Rupert Pupkin Speaks: Warner Archive Grab Bag - Lots of Kildare! ""

Monday, February 10, 2014

Warner Archive Grab Bag - Lots of Kildare!

Many people bemoan the tragic sequelization of cinema these days and it's a fair complaint to make. While I see the business point of view and how the studios can see them as good bets, they obviously leave some of us cold who would rather see some new original ideas. That's really neither here nor there, but rather I just mean to set a context for the era that these Dr. Kildare films emerged from. The first of them, YOUNG DR. KILDARE (my favorite of the bunch), came out in 1938 and the rest all followed quickly up until 1942. This is all obviously pre-television and so these are more like continuing "episodes" in the life of Dr. James 'Jimmy' Kildare (played quite nicely by Lew Ayres). It's very much like TV in the movies, in that each movie sort of deals with 1 or two new cases and we see Kildare's continued interactions with series regulars Dr. Gillespie (Lionel Barrymore) and Nurse Mary Lamont (Laraine Day) among others. There is a comforting familiarity to seeing these characters over and over again so it's not difficult to see why this series continued (and was even made into a successful TV series in the 1960s with Richard Chamberlain taking over the role of Kildare). Medical drama is a genre that continues to fascinate us to this very day as evidenced by countless contemporary programs on TV. I found that hese Kildare films connected with me(and I imagine other fans of the series) because of a continuity that they have throughout. Jimmy Kildare diagnoses something on Dr. Gillespie's hand early on in the series for example and it is called back a few times. We also get to see Kildare and Mary's relationship blossom throughout the films, culminating in DR. KILDARE'S WEDDING DAY (another of my favorites of the bunch). Little things like that make these movies feel more like the modern day "long arc" television we've become accustomed to these days. Also, the medical drama type setup allows for a certain mystery element to enter in to a lot of the stories. Kildare or Gillespie must diagnose some mysterious symptoms in a majority of the films. There are lighter moments in the series too, but there are also a good deal of seriousness (as you'd expect from a drama dealing with a hospital, doctors and illness). In THE PEOPLE VS. DR. KILDARE, Jimmy is sued for malpractice and in other entries he must deal with death on a couple occasions. The core characters played by Ayres, Barrymore and Laraine Day are a great bunch and really kept me wanting to see more. Barrymore is especially great as Gillespie. He is lovably cantankerous, but quite loyal and wise. He's just an amazing actor and those who've been limited to seeing him as Mr. Potter in IT'S A WONDERFUL LIFE are really missing out in not expanding out into his remarkable career. You can certainly see shades of Potter in Dr. Gillespie, but he brings such wonderful humanity that you can't help but love the character. Lew Ayres is an actor I was not a particular fan of until seeing him in this role. He always seemed rather bland to me and I often found myself having trouble connecting. As Dr. Kildare, throughout the course of this series, his is put through such a range of events and challenges that he is really allowed to shine. There's a whole host of great supporting actors here too including Red Skelton, Nell Craig and Frank Orth (who plays the affable cafe owner). It is really a worthwhile set and one I was happy to see Warner Archive put out.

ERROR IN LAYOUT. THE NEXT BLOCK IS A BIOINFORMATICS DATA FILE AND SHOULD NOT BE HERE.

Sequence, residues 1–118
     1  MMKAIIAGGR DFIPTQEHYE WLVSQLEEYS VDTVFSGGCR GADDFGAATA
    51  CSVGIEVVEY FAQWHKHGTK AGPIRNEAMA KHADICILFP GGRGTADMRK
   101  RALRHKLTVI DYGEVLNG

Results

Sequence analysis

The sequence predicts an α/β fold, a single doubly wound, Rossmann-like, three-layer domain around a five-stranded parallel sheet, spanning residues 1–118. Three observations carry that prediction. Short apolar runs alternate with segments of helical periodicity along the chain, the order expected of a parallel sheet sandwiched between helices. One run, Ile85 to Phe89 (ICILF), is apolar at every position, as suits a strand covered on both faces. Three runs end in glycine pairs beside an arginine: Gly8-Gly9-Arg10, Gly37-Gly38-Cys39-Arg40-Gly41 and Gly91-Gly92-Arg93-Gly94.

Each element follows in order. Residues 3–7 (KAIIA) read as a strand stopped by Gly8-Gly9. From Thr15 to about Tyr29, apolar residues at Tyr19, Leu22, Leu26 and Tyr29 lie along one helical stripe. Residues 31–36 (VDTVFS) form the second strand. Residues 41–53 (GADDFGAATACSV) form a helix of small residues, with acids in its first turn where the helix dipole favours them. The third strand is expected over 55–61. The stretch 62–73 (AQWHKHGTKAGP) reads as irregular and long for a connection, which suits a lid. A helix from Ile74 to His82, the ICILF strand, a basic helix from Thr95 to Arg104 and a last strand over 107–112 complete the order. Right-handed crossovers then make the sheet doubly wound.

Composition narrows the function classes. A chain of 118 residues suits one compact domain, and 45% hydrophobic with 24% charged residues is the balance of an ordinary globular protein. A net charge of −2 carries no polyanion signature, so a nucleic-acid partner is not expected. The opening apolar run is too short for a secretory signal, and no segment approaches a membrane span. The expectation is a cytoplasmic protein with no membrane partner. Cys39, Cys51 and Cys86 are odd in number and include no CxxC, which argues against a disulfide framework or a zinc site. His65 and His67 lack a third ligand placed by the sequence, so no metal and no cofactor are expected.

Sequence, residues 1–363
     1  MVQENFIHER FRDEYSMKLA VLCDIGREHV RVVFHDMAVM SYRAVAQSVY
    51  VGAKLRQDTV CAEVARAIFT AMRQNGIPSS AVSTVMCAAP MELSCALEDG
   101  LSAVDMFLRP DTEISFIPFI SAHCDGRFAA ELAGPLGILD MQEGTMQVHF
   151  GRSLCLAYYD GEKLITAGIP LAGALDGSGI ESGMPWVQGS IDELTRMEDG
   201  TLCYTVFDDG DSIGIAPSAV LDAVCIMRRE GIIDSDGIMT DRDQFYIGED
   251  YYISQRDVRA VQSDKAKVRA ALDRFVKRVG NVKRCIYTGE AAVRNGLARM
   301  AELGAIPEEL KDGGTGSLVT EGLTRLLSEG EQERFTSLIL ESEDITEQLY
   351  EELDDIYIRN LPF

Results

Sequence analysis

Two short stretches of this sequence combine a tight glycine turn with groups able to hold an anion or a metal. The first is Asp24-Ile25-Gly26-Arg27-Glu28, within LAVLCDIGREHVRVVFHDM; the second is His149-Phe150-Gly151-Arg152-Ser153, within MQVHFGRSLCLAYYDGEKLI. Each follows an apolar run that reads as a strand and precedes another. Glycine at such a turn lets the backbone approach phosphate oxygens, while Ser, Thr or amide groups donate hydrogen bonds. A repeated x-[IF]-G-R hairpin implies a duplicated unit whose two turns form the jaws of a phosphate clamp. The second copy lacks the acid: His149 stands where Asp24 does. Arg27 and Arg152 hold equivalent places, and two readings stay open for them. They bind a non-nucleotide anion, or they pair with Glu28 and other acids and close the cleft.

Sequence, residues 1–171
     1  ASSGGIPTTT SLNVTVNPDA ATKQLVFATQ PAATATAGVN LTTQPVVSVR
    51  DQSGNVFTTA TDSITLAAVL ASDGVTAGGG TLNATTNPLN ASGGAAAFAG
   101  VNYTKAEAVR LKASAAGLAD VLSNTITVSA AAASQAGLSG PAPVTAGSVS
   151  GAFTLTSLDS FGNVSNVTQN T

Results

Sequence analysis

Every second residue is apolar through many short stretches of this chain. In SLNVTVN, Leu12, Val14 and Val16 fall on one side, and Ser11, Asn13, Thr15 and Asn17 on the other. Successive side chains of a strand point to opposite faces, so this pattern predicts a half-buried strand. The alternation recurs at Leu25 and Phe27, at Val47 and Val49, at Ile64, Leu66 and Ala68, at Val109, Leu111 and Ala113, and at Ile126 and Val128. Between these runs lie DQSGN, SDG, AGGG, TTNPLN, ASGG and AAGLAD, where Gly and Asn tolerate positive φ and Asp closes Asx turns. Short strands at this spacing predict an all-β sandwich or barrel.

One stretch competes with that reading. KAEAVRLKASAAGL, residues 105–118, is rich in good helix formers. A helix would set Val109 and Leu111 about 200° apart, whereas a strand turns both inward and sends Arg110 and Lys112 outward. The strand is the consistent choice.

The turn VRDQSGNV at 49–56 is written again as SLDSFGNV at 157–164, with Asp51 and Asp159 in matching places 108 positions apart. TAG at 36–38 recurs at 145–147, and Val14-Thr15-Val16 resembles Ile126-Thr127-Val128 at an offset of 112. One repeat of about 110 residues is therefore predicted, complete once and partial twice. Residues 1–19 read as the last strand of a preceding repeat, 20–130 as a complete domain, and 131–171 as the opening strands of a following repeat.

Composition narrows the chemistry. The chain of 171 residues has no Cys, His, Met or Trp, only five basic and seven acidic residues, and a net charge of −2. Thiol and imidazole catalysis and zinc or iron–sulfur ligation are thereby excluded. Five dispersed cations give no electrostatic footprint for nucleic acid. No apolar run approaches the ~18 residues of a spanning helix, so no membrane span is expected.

The films included are:
--plus, as an added bonus, the unaired 1961 pilot for the 1st DR KILDARE TV Series - starring Lew Ayres (never before seen).

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